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PDN report on NGOs and documentary photography

NGOs Supporting Documentary Photography

September 02, 2004

By by Edgar Allen Beam

If you aspire see your documentary photography project reach people around the world, consider hooking up with one of the non-governmental organizations (NGOs) who use or sponsor documentary projects. As photojournalist Zalmai explains in our article on his recent work in Afghanistan (September ‘04 PDN), his book and traveling exhibition were produced with the help of the United Nations High Commissioner for Refugees, which secured a $400,000 transportation grant from FedEx.
I like working with NGOs very much, says Zalmai. They dont have money, but they let you do what you want. When youre working with NGOs, most of the time they understand the subject and they let you do what you want to do.
Zalmai’s grant was unusual; most NGOs support photographers by exchanging access for documentation. In some cases, an NGO actually commissions work from photojournalists to ensure there is coverage of a problem the mainstream media has ignored. The NGOs’ use of the photos vary (see “How Amnesty International Works With Photographers,” below). At a time when few magazines are interested in international news or social ills, NGOs are often the only outlet supporting serious documentary work.
Wayne Minter, audiovisual resource coordinator for Amnesty International in London, which is currently producing two projects with photojournalists, recommends that photographers interested in working with AI submit written proposals and thumbnails of recent work.

Finding NGOs: Contacts
Two very useful web sites for finding NGO links are www.ngo.org, which supplies links to UN-affiliated NGOs, and http://docs.lib.duke.edu/igo/guides/ngo/, a Duke University web site that serves as a research guide to NGOs organized by issue and geographic region.

The following are other NGOs that have supported documentary projects in recent years:

Amnesty International
Peter Beneson House
1 Easton Street
London WC1 XODW
44 207 413 5585
www.amnesty.org

CARE USA
151 Ellis St. NE
Atlanta, Georgia 30303-2440
404-681-2552
www.careusa.org

Doctors Without Borders/Médecins Sans Frontières
333 7th Avenue, 2nd Floor
New York, New York 10001-5004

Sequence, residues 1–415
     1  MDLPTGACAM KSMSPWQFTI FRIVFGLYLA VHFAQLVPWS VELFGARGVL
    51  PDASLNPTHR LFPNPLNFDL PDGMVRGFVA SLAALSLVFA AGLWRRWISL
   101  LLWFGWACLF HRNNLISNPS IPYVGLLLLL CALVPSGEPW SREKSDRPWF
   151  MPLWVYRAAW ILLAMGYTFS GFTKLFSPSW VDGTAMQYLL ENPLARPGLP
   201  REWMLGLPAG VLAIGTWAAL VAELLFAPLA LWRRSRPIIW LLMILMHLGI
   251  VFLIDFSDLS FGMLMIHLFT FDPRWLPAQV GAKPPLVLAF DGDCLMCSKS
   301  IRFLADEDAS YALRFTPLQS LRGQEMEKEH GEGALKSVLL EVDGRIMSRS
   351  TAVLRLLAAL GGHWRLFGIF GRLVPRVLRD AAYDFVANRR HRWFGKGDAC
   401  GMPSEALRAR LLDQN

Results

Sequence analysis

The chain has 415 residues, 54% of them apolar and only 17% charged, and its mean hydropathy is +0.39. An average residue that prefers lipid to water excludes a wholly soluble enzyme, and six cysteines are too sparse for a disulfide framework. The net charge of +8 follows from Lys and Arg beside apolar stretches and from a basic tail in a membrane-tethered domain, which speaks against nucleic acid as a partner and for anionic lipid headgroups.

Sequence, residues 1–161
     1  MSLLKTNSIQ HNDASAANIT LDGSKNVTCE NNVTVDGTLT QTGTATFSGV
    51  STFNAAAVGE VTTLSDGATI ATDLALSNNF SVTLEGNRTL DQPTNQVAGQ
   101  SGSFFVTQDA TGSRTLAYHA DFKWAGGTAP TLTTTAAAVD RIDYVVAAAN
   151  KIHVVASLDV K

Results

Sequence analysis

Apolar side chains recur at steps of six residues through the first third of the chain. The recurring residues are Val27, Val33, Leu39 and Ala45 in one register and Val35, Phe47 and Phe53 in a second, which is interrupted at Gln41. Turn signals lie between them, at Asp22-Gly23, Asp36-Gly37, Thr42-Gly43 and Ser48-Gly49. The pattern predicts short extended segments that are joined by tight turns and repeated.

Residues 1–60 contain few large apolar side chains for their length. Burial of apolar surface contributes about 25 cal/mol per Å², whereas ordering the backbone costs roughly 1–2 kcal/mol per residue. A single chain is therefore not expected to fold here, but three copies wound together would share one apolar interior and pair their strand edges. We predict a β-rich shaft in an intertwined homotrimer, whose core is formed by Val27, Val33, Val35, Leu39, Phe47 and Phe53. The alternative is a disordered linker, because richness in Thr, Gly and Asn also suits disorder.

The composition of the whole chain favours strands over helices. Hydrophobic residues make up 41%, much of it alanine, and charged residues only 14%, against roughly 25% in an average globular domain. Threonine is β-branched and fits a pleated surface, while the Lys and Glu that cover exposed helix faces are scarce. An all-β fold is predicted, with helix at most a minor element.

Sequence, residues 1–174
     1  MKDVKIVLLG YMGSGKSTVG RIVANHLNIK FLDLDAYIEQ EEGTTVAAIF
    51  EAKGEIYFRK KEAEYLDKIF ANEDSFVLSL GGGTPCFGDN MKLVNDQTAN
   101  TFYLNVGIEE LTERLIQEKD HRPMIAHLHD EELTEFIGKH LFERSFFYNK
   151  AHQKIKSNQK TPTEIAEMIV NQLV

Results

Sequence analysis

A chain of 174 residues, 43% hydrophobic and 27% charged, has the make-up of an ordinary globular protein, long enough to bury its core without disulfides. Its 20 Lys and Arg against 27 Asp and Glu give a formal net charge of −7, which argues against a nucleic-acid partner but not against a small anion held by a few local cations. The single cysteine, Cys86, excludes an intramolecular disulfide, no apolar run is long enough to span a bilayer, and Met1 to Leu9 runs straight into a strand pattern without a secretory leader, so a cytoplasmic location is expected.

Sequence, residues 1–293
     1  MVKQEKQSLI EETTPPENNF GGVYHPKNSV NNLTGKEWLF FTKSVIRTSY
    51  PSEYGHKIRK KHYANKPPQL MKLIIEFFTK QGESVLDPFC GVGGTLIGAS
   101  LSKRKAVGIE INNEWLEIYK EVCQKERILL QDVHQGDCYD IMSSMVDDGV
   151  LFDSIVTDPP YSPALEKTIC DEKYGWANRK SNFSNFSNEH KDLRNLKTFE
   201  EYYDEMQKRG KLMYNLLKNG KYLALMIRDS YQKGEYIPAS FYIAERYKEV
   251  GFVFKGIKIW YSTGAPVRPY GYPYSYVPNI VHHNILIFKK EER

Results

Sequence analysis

212-679-6800
www.doctorswithourborders.org

Human Rights Watch
350 5th Avenue, 34th Floor
New York, New York 10118-3299
212-290-4700
www.hrw.org

International Rescue Committee
122 East 42nd St.
New York, New York 10168
212-551-3000
www.theirc.org

United Nations High Commissioner for Refugees
Case Postale 2500
CH-1211 Geneva 2 Depot
Switzerland
41 22 739 8111
www.unhcr.ch

World Health Organization
Avenue Appia 20
1211 Geneva 27
Switzerland
41 22 791 2222
www.who.int

How Amnesty International Works with Professional Photographers
Is a collaboration with an NGO right for you? The following is a copy of Amnesty International’s terms and usage agreement.

Amnesty International (hereafter AI ) is a worldwide campaigning organisation working to prevent human rights violations, and to promote human rights.
We are committed to using effective images wherever possible to achieve our aims and publicise our work. We are working to extend our use of visual images and develop more creative approaches to image work.

General Principles on use of photographs in materials
We strive to uphold certain standards in our use of pictures of individuals, groups and practices in AI documents, reports, websites, campaign and action materials. These can be summarised as follows:

1.1 The overall balance of photographic content (in any AI report, document, website, etc,) should portray human dignity and positive action in the face of human rights violations.
1.2 The reality of the effects of human rights violations should be depicted where it is appropriate (eg; to the aims of the particular Campaign / Action) and does not infringe the rights or dignity of the subjects. There should be no photos included purely to shock or disturb.
1.3 The security and rights of individuals portrayed in photographs will be a major consideration.
1.4 Every effort will be made to ensure that photographs of individuals are not published without their knowledge and consent.
1.5 Every effort will be made to ensure that individuals in photographs are identified, or not, according to their expressed wishes.

Copyright / Conditions of Use
To be most effective in its work for human rights AI needs to be able to use and distribute pictures as widely as possible.
To make the fullest use of our worldwide campaigning sections and membership we will normally seek the following conditions of use:
_ Unrestricted use by any AI International Section or Structure worldwide
_ In any current, or future, formats or media
_ With no time limit (in perpetuity)
_ Can be distributed to appropriate media in connection with Human Rights work.

In return photographers will get worldwide exposure for their work in AI materials, and will always be credited as agreed. AI will undertake to refer all enquiries falling outside of the agreed AI use of the pictures (eg: from media or external sources ) directly to the photographer / agency.

Working with Photographers
Partnership
This is the most common way we work with professional photographers.

We work with a small, but steadily growing, group of professional photographers who understand our principles and, usage requirements, methods (and budgets!).
In particular these tend to be photographers who specialise in social documentary photography in some way (by theme, region, country,etc)